Wednesday, April 21, 2010

Union Steel Union v. Shell Oil (9th Cir. - April 21, 2010)

Some cases are pretty clear when you just remember some basic principles. So much so that it's somewhat surprising that any court could come out the other way.

Let's take a case in which a plaintiff files a putative (uncertified) class action that's removed to federal court under the Class Action Fairness Act -- i.e., because there's minimal diversity and $5 million-plus at stake. The district court thereafter refuses to certify the class. Does jurisdiction still exist in federal court, or does the lawsuit get remanded?

There's a very simple foundational principle that answers that question: As long as jurisdiction exists at the outset, it persists. You can muck that central principle up with a variety of complex arguments, but that's basically the rule.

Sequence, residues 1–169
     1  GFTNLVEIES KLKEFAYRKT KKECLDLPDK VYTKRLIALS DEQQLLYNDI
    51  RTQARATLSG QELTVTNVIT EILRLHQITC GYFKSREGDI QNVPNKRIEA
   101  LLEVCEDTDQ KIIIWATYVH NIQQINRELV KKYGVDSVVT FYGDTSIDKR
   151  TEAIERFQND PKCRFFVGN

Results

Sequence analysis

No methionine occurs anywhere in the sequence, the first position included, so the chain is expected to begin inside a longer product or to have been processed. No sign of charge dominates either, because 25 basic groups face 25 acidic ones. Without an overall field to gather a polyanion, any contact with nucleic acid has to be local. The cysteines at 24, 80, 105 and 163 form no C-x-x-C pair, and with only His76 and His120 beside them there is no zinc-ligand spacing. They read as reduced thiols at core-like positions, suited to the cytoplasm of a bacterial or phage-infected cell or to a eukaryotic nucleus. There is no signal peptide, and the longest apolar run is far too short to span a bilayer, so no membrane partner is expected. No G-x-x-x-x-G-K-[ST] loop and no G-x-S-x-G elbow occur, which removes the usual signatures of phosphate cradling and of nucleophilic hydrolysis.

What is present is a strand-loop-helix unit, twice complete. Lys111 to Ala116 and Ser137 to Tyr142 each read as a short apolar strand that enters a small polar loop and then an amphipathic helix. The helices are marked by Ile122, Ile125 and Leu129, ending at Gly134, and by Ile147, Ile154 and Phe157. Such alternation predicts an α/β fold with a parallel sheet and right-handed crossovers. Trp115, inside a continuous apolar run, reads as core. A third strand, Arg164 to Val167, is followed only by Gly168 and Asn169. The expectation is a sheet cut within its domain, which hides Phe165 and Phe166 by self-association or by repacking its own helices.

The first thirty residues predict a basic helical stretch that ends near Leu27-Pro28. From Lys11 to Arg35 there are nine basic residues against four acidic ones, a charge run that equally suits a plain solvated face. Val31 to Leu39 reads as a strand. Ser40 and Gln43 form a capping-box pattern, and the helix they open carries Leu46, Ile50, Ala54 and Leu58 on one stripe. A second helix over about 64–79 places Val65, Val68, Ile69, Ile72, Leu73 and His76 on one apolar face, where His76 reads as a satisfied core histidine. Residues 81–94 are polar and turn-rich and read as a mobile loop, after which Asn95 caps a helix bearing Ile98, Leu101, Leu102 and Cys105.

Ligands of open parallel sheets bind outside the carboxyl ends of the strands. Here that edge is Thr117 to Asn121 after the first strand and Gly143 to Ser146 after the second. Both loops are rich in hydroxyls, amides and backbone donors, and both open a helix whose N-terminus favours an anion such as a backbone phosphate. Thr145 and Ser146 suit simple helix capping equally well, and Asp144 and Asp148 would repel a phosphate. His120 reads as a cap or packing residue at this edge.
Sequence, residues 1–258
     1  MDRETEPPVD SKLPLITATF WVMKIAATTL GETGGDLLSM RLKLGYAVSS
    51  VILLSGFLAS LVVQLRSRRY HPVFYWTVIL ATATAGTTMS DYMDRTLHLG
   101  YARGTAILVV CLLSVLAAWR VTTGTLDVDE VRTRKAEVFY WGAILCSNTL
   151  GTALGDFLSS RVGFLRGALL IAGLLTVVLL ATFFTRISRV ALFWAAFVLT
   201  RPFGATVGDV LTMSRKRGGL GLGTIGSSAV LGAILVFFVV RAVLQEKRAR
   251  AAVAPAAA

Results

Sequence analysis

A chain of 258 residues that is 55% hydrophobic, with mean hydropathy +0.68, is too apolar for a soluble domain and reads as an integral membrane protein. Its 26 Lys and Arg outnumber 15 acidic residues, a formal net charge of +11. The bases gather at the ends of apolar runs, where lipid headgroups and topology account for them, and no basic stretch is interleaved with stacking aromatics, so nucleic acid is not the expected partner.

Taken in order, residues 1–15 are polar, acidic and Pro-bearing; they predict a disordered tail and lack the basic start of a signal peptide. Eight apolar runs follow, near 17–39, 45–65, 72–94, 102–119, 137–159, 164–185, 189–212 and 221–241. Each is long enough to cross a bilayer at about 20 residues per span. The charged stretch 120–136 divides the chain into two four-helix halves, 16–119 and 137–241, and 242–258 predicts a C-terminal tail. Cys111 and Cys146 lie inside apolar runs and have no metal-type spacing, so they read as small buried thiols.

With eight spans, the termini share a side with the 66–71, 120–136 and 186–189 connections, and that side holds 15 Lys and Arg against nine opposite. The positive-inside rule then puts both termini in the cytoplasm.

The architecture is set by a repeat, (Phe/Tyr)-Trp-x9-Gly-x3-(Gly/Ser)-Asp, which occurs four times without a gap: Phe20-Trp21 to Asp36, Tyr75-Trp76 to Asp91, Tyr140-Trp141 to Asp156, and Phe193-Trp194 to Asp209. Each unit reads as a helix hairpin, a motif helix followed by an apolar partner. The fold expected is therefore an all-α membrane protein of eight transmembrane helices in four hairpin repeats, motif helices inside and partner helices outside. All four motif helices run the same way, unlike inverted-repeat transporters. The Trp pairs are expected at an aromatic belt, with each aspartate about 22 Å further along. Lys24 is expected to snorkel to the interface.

So the Ninth Circuit gets this one right, and properly recognizes that the district court got it wrong. Even after a refusal to certify, the case gets to remain in federal court.

There are additional policy and other reasons why this result should follow as well, but you don't even need to get to 'em. Sometimes the most straightforward part of a cases provides a pretty good answer itself.